Companion to East Timor - International Solidarity - Phase Four
International Solidarity – Phase Four
Phase Four began after the Santa Cruz massacre of 12th November 1991. The solidarity movement was able to go on the diplomatic offensive. It capitalized on the publicity generated by the massacre, and successfully challenged Indonesia's claims that East Timor's people were happy and well-integrated. There were growing links between Indonesian pro-democracy activists and East Timorese students in Indonesia. International solidarity achieved perhaps the most significant victory of the 1990s – the awarding of the Nobel Peace Prize to Bishop Belo and Jose Ramos-Horta.
Amy Goodman and Allan Nairn, two reporters from the US, were present at the Santa Cruz massacre. Their camera was smashed and both were badly beaten. They immediately telephoned Arnold Kohen, who was in Washington, D.C. He had previously facilitated their 1990 visit to East Timor in 1990. In Amy Goodman's book, The Exception to the Rulers (Sydney: Allen and Unwin, 2004: 224), she writes, 'While in Bali we were able to make one call to a friend in Washington to alert the press that a massacre had taken place in East Timor.' She does not mention Kohen here or in the index.
Kohen's diary shows him writing down her words:
Massacre in Timor, Allan and Amy beaten up badly. Brit beaten. Gunfire all around… Shooting everyone indiscriminately. Timorese unarmed. Little kids, old women in traditional garb. Whole road became cemetery. We're very lucky. Several dozen dead. People hit, wounded, dying. Total massacre, very deliberate, systematic, no provocation. I'm fine compared to the devastation we just witnessed… Went to front to prevent massacre. Pulled by hair, slammed to ground, boots, rifle butts, fists. Allan went on top of her to protect her. Allan drenched in blood… Beat hard around head. Fractured skull. Absolutely desperate situation.
Kohen used his media, church and congressional contacts, developed over 16 years, to good effect. There were numerous hard-hitting editorials in the Washington Post, the New York Times, the Boston Globe and other mainstream newspapers.
The East Timor Action Network
A new group of activists with a background in the peace and anti-nuclear movements entered the arena after Santa Cruz. They held a rally for East Timor on 10 December 1991 outside Indonesia's permanent mission to the United Nations in New York. The day and location were deliberately selected – 10 December is Human Rights Day. They soon found through their networks that similar protests and expressions of concern were being made in other cities in the US. These individuals therefore joined forces, with a few of them forming the East Timor Action Network (ETAN). Charles Scheiner and John M. Miller, who were members of the War Resisters' League, got permission from the League to use its mailing list on a one-time only basis to inform more people about ETAN. The Canadian East Timor Alert Network provided them with a list of US residents who had previously been in contact with it. ETAN wrote to all these people saying that they intended to focus on ending US support for the Indonesian occupation. (In formal terms, ETAN would not come into existence until a little later, but I use ETAN here to refer to the activists who would soon establish the organisation.) The first financial contribution they received was from Noam Chomsky, whom they didn't know but had heard of. Chomsky appears to have posted them his contribution on the same day he received their letter.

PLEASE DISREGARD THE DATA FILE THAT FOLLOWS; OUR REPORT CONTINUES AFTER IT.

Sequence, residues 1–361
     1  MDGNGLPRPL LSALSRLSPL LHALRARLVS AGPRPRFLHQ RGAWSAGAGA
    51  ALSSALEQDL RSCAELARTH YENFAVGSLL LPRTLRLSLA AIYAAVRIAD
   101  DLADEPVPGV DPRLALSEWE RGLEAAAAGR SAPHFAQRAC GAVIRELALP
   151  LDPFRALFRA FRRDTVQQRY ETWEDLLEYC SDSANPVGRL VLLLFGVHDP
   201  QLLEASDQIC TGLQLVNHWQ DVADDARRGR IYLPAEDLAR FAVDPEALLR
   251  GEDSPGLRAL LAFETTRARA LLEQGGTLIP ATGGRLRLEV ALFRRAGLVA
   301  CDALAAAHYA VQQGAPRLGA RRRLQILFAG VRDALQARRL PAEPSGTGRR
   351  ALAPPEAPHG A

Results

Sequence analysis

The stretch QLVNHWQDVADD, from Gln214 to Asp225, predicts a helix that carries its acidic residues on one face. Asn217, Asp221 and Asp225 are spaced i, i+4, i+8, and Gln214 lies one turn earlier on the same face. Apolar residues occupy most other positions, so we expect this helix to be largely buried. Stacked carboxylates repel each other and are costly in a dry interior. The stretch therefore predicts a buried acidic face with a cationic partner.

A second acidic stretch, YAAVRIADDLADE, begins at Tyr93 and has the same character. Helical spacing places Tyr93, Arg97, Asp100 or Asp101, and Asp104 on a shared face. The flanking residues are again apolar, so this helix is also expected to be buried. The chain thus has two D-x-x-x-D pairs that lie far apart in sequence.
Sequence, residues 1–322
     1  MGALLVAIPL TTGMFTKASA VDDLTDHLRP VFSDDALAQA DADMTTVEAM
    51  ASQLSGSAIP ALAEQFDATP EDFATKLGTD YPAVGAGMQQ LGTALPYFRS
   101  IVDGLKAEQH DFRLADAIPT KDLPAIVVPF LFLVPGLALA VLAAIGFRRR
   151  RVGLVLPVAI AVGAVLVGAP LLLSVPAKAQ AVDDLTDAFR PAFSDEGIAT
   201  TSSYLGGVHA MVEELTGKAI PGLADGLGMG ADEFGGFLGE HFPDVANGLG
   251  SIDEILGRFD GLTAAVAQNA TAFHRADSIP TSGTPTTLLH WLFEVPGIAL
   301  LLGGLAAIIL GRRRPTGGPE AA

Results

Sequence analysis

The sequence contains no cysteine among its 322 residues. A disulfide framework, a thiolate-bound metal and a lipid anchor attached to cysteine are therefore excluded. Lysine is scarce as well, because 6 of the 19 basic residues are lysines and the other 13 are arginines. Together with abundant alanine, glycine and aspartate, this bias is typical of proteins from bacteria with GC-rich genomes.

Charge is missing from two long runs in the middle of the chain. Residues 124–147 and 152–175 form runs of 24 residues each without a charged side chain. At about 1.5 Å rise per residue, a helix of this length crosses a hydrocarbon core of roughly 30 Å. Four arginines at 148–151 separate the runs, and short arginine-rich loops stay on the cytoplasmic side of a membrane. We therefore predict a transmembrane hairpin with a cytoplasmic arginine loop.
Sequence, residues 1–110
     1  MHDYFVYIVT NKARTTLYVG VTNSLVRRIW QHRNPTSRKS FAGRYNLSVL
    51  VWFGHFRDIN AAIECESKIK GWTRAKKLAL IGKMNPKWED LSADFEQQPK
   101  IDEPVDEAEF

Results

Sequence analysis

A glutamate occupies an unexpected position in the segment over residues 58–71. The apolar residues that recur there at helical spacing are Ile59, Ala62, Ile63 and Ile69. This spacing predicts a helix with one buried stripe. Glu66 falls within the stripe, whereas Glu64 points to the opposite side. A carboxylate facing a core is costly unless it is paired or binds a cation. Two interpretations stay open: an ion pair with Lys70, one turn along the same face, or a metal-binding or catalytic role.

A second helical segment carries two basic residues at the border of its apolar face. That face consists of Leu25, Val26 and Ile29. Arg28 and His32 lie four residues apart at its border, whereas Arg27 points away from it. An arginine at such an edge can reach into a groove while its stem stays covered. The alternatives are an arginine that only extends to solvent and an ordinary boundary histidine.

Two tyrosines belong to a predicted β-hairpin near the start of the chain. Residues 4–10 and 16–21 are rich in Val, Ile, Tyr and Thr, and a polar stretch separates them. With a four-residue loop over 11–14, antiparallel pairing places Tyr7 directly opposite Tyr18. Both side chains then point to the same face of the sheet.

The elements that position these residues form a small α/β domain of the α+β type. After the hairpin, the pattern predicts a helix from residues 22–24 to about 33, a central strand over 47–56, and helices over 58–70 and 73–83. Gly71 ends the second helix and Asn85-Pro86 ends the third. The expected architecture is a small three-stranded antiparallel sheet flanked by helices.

ETAN worked with Allan Nairn and Amy Goodman, who became the public faces of the campaign in the US. ETAN's pressure point of choice was the US Congress, where they carried out an intensive program of public education and lobbying. ETAN also reached out to Portuguese-Americans, many of whom lived in the state of Rhode Island. Ronald Machtley, a Republican congressman from Rhode Island, co-sponsored a bill with long-time East Timor supporter, congressman Tony Hall of Ohio. The bill would delete all funding for a program in which the US trained the Indonesian military. While small in monetary terms, the cessation of the program (known as International Military Education and Training – IMET), was politically significant; it was the first time the US had ever refused military assistance to Indonesia since Suharto came to power.
US activists also inflicted damage on the Indonesian occupation by successfully suing Major-General Sintong Panjaitan for his role in the Santa Cruz massacre. Panjaitan had been served papers in 1992 after he was 'punished' by his government by being sent to the US to enrol in Harvard Business School. Panjaitan fled the country, and a default judgment was entered against him in February 1993. The suit was brought by the Centre for Constitutional Rights, resulting a US court ordering Panjaitan to pay $4 million in compensatory damages and $10 million in punitive damages to Helen Todd, the mother of New Zealand solidarity activist Kamal Bamadhaj, who was the only non-East Timorese killed in the Santa Cruz massacre. In April 1993, a Timorese Youth Delegation from Melbourne conducted a month long speaking tour of the United States. The delegation met several members of the US Congress and their aides. They also spoke at several university campuses, including Princeton, Harvard Law School, Cornell, Rutgers, Yale, MIT and the University of California's Los Angeles and Berkeley campuses. Solidarity groups formed on these campuses in the wake of the delegation's visit.